African Americans and American Art History

By Cutler, Jody B. | Art Journal, Spring 2000 | Go to article overview
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African Americans and American Art History

Cutler, Jody B., Art Journal

Richard J. Powell and Jock Reynolds. To Conserve a Legacy: American Art from Historically Black Colleges and Universities. Exh. cat. Andover: Phillips Academy and New York: The Studio Museum in Harlem, 1999: distr. MIT Press, 240 pp., ills. $60, $35 paper.

Juanita M. Holland, ed. Narratives of African American Art and Identity: The David C. Driskell Collection. Exh. cat. College Park: The Art Gallery and the Department of Art History and Archaeology, University of Maryland and Pomegranate Communications, Inc., X998. 192 pp., ills. $So, $35 Paper.

Exhibition schedule: The Fine Arts Museums of San Francisco, November 20, 1999-February 12, 2000; High Museum of Art, June 2o-September 10, 2000; The Newark Museum, October 25, 2000February 25, 2001.

Adrienne L. Childs. Echoes: The Art of David Driskell. College Park: The Art Gallery, University of Maryland, 1998.

The infiltration of black voices into the traditionally white field of art history over the past quarter century has been influential in the emergence of "revisionist" scholarship now pervasive in the expanding "mainstream."' Two recently organized exhibition and catalogue projects bring to the fore the work of several prolific black art historians and curators, while focusing on both better and less known art and art-- collecting activities by black Americans, along with a few white Americans, in relation to this American heritage.

Richard J. Powell, Chair of the Department of Art and Art History at Duke University (widely known by the time of his influential 1997 book, Black Art and Culture in the Twentieth Century) , has co-curated To Conserve a Legacy: American Art from Historically Black Colleges and Universities, with Jock Reynolds, Director of the Yale University Art Gallery. The exhibition includes over two hundred diverse works from the nineteenth and twentieth centuries in the collections of six "HBCUs" (as in the catalogue), through which a social history largely unfamiliar to the contemporary art world is exposed-namely, the breadth of art activity nurtured by educational institutions perpetuated by black Americans. The catalogue includes a principal, critical essay by Powell on the material in the exhibition and a report on the genesis and fruition of the intensely collaborative project by Reynolds. Good color reproductions of artworks and reference photographs are incorporated into these essays and several supplemental texts, as well as the extensively annotated checklist.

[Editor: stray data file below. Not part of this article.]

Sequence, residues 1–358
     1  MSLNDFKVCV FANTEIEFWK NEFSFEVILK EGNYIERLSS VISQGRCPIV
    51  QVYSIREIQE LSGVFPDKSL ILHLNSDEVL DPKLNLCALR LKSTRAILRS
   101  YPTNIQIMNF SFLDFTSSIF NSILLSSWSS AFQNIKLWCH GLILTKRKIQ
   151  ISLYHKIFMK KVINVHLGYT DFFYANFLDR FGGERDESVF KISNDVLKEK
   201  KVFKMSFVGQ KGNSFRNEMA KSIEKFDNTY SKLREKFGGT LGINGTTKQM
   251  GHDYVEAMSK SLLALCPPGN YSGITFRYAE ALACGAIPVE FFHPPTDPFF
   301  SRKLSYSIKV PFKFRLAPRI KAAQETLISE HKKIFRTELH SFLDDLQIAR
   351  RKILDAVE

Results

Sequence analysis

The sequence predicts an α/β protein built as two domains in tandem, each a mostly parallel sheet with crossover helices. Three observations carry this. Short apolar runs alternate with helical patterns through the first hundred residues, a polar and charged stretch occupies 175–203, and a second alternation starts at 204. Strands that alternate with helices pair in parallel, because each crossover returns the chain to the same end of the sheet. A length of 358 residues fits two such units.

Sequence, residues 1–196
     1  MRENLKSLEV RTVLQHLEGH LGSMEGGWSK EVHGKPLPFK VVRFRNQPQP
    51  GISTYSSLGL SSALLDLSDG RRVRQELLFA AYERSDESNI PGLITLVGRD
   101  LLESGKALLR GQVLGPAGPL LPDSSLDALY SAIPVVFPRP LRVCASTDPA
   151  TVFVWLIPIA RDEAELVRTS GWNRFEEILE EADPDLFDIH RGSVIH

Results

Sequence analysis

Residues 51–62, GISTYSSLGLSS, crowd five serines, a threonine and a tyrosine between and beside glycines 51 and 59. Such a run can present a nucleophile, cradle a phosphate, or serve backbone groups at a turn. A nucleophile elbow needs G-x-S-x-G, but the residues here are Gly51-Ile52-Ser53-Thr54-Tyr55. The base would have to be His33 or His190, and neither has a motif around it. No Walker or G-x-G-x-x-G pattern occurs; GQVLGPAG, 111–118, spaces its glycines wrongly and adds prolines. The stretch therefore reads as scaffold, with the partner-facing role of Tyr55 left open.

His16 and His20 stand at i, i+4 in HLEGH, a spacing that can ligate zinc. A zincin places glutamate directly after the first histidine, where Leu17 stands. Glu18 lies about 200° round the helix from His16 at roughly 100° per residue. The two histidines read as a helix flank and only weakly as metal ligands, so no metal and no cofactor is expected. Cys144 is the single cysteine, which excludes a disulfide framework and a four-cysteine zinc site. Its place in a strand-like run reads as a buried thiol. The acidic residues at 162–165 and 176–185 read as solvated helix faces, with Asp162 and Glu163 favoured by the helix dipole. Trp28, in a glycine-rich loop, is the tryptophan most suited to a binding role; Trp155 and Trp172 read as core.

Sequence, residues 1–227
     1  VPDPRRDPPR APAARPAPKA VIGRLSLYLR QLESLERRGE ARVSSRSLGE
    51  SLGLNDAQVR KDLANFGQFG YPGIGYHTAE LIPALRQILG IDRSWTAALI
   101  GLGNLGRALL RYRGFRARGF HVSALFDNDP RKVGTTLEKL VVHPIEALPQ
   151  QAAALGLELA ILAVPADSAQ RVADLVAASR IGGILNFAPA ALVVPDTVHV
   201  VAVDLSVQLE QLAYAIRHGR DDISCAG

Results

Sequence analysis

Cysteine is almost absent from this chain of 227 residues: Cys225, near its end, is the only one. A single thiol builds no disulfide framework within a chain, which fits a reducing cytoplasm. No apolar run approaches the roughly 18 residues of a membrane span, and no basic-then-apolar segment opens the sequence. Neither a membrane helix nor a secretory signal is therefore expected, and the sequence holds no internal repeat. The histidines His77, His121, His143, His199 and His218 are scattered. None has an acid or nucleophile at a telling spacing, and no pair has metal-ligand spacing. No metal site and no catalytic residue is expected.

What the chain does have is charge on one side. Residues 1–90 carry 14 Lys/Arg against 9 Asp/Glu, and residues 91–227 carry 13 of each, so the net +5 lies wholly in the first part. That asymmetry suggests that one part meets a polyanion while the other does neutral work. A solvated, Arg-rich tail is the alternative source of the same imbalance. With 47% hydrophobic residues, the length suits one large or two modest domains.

The participating HBCUs, selected from a larger group with art collections, are Clark Atlanta University, Fisk University, Hampton University, Howard University, North Carolina Central University,and Tuskegee University.Historically, the art departments at these well-known schools-- fostered collegial and pedagogical relationships across generations of black artists and scholars which bolstered institutional collecting and exhibition programs. The development of each collection and campus exhibition space reveals a web of consequential associations. For example, in 1949, Georgia O'Keeffe donated a collection of modernist art from the estate of Alfred Stieglitz to Fisk, which had been housing African and Native American art by 1876. She did so at the prompting of Carl Van Vechten, the renowned photographer of American black society during the 192os and 1930s, for whom the main campus gallery is named. Successive Fisk Art Department chairs Aaron Douglas and David C. Driskell also are central figures in this history.

Reynolds traces the origin of the project to affirmative action initiatives among associates at the Williamstown Art Conservation Center. A consortium comprised of the WACC, host museums, independent scholars, and HBCU representatives was formed, which then organized student conservation internships to study and treat works from the collections in need of physical attention, in the context of a large-scale exhibition.

The professional conservators discuss several of the restored works in separate entries, including Charles White's mural-- sized narrative painting, Progress of the American Negro (1939-40): the Bay Area expressionist James Weeks's Jazz Musician (1960); the visionary Old Coffee Drinker by John Biggers (1945); and Edmonia Lewis's famous marble sculpture, The Old Arrow Maker and His Daughter (1872).

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